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Court of Appeal, First District, Division 3, California.

PEOPLE of the State of California, Plaintiff and Respondent, v. King McCARTHY et al., Defendants and Appellants.

Cr. 16328.

Decided: March 30, 1978

Paul N. Halvonic, State Public Defender, Clifton R. Jeffers, Chief Asst. State Public Defender, Philip A. Schnayerson, Philip M. Brooks, Deputy State Public Defenders, San Francisco, for defendants and appellants McCarthy and Buggs. Jan O. Werner, Michael Stepanian, San Francisco, for defendant and appellant Neal. Evelle J. Younger, Atty. Gen. of the State of California, Jack R. Winkler, Chief Asst. Atty. Gen., Crim. Div., Edward P. O'Brien, Asst. Atty. Gen., William D. Stein, J. Patrick Collins, Deputy Attys. Gen., San Francisco, for plaintiff and respondent.

Appellants have appealed their convictions of possession of over one-half ounce of heroin on the ground that the identity of an informant was improperly withheld and that a search warrant had become stale.

On January 23, 1976, an Oakland police officer, Gary Haywood, obtained a search warrant authorizing the search of the person of Dorothy McCarthy and the premises of 866 30th Street, Oakland, California. The warrant was served on January 27, 1976.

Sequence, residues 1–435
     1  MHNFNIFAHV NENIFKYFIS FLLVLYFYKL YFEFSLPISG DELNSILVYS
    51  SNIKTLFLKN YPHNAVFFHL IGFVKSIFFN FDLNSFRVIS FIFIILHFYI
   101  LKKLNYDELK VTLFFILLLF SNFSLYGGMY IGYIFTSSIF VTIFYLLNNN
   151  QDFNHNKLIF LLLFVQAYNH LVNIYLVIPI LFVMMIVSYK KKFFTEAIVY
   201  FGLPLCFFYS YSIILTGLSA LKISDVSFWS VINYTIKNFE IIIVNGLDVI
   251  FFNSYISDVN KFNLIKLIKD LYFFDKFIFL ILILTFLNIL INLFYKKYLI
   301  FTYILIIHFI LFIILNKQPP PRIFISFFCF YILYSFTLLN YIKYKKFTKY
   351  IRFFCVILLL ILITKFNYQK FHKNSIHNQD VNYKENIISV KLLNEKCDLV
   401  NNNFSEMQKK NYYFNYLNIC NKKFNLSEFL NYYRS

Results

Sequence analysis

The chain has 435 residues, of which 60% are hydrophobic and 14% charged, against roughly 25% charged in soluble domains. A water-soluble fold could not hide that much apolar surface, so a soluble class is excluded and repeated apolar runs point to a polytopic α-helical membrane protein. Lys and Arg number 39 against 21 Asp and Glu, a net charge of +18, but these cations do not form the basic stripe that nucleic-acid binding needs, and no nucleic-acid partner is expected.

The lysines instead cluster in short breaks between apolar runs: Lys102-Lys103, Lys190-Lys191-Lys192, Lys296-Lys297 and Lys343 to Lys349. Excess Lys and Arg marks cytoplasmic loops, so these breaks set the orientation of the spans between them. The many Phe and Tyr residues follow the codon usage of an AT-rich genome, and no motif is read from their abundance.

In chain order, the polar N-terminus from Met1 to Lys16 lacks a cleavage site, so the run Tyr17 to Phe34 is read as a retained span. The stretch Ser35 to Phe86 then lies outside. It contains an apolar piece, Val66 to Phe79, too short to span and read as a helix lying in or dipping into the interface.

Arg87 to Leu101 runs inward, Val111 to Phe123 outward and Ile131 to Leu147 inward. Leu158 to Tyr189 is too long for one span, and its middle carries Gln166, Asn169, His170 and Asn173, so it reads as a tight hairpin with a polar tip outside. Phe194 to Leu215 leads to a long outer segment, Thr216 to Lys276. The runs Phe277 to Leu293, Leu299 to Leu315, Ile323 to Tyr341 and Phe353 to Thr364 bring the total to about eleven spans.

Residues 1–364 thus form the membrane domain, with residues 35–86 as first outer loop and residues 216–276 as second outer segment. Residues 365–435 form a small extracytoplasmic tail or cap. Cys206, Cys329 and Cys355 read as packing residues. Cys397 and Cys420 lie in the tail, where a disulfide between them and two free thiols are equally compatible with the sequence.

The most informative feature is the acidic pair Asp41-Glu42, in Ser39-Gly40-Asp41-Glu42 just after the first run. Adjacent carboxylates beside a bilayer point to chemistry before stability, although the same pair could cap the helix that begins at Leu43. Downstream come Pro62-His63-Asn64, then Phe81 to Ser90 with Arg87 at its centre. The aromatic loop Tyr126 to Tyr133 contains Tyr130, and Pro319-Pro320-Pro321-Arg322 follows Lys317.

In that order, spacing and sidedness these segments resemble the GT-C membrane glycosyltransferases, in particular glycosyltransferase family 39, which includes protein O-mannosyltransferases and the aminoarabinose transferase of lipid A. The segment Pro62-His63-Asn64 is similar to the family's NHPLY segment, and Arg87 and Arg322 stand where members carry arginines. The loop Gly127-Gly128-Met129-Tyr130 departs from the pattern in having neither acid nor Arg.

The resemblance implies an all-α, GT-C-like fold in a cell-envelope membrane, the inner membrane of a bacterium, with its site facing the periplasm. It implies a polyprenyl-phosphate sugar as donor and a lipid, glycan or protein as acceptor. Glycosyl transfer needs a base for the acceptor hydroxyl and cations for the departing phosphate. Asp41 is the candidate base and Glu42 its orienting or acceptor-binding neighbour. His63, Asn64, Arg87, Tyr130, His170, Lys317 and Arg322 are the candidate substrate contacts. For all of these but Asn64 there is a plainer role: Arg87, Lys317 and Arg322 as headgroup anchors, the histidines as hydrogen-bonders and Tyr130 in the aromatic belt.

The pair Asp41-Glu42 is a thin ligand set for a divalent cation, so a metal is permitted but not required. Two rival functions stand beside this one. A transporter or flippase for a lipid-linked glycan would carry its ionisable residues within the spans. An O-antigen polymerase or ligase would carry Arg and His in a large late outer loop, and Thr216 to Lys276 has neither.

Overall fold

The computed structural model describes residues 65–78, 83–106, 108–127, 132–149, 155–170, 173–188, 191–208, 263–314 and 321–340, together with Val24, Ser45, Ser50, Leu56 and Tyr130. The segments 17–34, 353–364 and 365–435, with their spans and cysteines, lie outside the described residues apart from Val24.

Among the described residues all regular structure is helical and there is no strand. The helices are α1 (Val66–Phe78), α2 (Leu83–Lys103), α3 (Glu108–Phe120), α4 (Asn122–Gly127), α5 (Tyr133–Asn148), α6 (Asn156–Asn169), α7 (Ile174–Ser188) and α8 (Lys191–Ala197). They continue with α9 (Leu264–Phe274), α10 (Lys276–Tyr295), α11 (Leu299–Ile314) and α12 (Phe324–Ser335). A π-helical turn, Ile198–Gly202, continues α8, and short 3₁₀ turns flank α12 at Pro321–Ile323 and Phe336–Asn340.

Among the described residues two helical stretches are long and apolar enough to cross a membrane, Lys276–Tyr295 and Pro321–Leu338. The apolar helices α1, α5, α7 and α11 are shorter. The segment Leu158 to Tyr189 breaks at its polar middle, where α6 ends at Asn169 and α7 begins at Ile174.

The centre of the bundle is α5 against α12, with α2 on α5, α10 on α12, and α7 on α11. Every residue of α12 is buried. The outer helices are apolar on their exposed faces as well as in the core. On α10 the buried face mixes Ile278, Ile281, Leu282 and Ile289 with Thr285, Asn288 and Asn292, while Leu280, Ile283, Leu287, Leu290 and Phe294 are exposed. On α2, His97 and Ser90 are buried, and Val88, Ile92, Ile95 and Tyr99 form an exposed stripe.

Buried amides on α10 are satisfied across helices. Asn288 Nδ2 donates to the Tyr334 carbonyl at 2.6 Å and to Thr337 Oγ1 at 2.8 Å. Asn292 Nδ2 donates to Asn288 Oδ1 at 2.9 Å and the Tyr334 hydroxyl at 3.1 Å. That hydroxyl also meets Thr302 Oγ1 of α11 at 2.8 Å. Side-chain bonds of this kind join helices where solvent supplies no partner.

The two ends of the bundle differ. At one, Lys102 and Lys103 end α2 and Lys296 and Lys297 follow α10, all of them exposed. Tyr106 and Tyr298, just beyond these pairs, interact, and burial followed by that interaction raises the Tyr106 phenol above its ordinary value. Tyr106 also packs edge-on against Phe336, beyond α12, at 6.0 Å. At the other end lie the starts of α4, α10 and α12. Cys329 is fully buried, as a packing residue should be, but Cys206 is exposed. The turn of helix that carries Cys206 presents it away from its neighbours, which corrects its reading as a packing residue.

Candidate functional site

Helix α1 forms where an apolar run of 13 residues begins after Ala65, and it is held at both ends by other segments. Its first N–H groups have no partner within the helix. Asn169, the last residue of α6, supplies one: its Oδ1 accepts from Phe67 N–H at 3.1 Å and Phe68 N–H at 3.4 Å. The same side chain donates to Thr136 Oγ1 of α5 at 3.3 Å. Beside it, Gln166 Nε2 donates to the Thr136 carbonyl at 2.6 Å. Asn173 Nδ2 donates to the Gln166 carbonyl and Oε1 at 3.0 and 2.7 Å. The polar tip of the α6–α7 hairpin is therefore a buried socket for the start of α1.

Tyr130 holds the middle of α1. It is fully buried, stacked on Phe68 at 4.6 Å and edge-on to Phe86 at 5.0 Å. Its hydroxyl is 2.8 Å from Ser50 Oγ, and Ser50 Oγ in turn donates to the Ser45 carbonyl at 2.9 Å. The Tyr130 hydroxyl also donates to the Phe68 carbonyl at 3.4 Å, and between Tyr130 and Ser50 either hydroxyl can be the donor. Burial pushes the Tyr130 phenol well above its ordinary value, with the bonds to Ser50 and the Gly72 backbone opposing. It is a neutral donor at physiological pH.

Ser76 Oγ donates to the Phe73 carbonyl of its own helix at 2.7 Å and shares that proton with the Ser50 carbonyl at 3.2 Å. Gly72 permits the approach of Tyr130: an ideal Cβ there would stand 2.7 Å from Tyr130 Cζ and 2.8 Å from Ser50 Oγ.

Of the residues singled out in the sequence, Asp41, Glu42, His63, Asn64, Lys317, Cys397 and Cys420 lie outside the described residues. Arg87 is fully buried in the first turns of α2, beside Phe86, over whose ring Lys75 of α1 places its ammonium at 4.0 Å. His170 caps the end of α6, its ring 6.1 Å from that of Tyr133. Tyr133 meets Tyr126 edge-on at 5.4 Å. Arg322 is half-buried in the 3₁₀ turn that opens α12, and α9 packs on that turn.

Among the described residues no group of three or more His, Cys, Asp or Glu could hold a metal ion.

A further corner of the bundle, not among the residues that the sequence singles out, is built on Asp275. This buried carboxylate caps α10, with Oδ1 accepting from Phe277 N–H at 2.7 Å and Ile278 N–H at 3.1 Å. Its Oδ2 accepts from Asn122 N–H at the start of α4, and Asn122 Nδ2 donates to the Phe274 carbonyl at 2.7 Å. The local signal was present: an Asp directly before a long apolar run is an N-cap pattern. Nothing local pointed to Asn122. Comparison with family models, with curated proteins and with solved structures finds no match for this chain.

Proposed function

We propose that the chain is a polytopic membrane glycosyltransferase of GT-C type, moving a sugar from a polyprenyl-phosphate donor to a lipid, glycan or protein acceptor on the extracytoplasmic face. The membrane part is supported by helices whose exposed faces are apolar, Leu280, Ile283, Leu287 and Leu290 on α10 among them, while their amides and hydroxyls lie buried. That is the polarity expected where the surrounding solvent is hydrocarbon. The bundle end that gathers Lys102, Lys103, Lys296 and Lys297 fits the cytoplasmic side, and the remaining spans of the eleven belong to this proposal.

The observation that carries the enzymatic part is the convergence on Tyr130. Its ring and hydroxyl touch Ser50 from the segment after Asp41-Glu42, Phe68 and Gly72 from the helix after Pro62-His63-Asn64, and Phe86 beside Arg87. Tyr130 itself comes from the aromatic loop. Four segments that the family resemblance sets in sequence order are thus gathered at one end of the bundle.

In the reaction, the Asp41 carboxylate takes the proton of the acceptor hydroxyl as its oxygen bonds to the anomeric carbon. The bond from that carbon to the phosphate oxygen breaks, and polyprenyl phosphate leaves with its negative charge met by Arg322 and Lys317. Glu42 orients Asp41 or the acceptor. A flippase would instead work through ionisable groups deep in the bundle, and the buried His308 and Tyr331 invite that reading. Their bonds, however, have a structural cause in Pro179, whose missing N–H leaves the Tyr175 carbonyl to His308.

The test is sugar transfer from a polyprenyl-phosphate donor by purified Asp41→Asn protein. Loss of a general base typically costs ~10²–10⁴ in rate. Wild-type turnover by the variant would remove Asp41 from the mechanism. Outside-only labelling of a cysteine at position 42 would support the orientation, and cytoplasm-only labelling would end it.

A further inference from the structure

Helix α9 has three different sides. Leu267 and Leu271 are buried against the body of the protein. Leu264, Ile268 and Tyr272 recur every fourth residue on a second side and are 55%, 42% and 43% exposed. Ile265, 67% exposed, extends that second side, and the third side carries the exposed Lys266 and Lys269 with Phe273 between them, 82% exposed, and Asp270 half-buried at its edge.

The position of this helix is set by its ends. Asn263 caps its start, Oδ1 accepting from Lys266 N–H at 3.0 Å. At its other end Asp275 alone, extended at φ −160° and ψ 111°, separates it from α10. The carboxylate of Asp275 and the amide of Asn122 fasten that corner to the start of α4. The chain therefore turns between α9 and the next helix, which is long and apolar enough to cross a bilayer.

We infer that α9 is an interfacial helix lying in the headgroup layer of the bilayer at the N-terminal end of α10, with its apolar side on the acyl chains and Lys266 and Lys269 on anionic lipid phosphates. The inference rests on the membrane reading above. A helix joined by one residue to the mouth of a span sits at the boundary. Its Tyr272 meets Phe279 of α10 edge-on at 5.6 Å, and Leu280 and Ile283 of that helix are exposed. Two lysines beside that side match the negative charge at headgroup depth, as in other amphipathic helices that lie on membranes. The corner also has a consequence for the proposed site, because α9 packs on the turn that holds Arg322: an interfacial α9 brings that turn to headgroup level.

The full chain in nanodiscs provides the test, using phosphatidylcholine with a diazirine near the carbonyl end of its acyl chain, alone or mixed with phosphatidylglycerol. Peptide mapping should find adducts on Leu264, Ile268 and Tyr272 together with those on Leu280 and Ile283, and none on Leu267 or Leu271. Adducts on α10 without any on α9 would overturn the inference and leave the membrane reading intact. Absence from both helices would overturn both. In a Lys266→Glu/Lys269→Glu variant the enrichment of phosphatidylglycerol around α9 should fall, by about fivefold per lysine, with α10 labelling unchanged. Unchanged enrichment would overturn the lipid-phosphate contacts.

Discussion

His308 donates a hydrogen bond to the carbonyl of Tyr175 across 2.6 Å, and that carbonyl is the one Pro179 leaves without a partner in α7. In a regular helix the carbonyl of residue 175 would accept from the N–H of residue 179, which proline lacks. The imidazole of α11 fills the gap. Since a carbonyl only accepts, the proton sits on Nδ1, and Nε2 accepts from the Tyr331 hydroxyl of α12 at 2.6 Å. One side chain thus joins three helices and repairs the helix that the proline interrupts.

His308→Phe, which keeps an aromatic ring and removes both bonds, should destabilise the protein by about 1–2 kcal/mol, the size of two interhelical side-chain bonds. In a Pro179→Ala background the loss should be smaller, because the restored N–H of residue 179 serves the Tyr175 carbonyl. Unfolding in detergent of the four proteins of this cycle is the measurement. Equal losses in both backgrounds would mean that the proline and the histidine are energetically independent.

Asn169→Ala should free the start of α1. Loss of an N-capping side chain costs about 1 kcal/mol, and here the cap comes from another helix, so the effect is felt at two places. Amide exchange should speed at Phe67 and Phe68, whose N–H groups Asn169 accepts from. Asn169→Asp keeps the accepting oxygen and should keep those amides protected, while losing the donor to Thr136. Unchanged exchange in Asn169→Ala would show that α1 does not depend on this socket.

When Officer Haywood arrived at the house on 866 30th Street, he knocked and in response to a male voice who asked, “(w)ho is it,” he stated, “the police with a search warrant, ‘(o)pen the door immediately.’ ” The officer then heard a male voice in the house state, “(i)t is the police” and footsteps running away from the door. He yelled again that he was a police officer with a search warrant and demanded the door be opened. He waited about five seconds and then, fearing that any contraband inside the residence would be destroyed, forced the door open. Upon entering, the officer observed appellant Richard Neal, whom he recognized from prior occasions, moving forward to the rear of the house. He pursued Mr. Neal into the bathroom where he saw him bending over the toilet bowl with his hands inside the bowl. Appellant Albert Buggs was also in the bathroom bent over the bowl with his hands inside the bowl. As Officer Haywood entered the bathroom he yelled, “Freeze,” but Mr. Buggs broke a window and attempted to escape. A police officer stationed at the rear of the house ordered Mr. Buggs back in the window.